Extremism stems from repressive states, not Western policy, says UK's Johnson


LONDON, Dec 7 (Reuters) - Repressive states are to blame for breeding terrorism, Britain's foreign minister Boris Johnson will say on Thursday, in a speech defending Western foreign policy and denouncing Islamist extremism.

Britain suffered four deadly attacks in London and Manchester between March and June this year that killed 36 people, and on Wednesday a man appeared in court accused of plotting to kill British Prime Minister Theresa May.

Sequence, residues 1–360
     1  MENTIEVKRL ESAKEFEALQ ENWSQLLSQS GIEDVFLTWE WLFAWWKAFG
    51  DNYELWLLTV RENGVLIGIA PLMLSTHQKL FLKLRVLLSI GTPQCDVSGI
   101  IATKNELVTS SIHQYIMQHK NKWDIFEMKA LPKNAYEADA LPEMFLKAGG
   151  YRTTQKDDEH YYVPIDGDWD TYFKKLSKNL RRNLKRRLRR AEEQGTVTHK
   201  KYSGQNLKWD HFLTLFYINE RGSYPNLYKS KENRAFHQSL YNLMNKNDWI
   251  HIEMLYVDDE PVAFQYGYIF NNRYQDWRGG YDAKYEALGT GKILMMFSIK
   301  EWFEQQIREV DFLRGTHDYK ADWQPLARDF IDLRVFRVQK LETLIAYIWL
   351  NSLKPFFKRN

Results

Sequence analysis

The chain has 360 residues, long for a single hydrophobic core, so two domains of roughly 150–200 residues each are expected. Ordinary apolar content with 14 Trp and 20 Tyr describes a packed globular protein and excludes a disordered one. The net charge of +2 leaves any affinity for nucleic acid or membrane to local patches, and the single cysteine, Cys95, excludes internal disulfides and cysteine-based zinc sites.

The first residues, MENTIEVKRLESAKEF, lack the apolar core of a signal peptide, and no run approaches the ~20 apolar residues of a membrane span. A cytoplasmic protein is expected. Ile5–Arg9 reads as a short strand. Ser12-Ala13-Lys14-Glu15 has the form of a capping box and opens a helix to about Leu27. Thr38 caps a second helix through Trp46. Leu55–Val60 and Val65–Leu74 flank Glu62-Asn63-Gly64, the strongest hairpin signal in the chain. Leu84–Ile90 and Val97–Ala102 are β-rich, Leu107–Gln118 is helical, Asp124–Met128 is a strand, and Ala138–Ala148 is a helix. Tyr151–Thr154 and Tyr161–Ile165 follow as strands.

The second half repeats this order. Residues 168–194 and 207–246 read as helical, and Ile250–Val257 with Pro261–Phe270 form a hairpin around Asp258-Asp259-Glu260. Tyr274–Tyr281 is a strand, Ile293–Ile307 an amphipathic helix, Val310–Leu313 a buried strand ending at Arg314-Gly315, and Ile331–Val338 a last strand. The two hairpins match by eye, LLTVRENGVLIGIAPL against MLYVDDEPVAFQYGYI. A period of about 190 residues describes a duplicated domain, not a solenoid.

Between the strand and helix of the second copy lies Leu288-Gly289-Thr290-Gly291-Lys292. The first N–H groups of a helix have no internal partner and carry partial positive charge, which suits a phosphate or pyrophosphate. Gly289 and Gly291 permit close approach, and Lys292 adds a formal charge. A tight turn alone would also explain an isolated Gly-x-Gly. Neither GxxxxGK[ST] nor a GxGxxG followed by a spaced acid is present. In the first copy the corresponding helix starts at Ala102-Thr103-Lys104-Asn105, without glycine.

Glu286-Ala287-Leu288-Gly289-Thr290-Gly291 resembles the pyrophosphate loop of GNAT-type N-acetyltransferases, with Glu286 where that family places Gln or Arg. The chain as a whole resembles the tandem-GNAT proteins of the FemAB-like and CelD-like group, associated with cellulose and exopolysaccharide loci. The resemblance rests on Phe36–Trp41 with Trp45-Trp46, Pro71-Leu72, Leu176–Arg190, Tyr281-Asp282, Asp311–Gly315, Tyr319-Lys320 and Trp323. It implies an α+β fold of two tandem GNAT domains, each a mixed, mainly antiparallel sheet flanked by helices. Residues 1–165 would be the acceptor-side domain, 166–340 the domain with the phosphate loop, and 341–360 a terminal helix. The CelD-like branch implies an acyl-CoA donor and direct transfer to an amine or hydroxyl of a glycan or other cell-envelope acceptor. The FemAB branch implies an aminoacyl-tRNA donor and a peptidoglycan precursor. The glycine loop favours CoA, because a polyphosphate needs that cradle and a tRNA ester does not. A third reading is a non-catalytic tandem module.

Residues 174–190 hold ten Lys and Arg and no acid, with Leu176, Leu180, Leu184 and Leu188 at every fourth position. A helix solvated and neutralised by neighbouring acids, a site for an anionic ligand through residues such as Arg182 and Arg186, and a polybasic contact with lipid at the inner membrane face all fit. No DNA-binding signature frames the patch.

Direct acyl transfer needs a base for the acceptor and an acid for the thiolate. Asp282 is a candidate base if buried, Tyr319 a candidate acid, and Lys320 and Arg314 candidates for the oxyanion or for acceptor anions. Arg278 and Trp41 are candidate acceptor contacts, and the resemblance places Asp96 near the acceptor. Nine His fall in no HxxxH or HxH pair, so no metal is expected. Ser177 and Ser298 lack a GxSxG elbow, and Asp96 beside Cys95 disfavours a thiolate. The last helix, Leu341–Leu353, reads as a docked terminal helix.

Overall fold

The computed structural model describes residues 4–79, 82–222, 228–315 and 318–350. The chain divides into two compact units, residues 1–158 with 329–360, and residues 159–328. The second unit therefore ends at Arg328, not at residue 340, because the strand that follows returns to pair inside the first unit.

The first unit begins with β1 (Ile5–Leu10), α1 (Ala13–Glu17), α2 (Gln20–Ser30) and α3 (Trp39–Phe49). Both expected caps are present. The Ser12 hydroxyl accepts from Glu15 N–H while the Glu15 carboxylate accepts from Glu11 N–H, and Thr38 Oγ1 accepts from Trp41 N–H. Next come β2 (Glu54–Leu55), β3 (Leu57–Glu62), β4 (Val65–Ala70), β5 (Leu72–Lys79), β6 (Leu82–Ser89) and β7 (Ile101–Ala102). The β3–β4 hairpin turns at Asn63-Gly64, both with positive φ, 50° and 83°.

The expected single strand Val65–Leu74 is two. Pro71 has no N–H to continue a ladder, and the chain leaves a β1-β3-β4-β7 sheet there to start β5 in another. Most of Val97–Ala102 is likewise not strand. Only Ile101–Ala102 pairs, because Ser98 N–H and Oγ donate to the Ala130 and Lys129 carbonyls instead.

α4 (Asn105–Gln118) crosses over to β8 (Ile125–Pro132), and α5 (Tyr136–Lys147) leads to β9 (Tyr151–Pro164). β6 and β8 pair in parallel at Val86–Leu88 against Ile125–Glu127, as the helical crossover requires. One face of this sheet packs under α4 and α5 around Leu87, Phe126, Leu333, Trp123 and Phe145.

Speaking to diplomats and experts at the Foreign Office in London, Johnson will call for better engagement with Muslim populations worldwide and argue that blaming Western intervention for the rise of Islamist extremism plays into the jihadi narrative, according to a briefing note issued by the Foreign Office.

He will say that Islamist jihadism can have the "addictive power of crack cocaine".

This article appears in: Stocks , Politics

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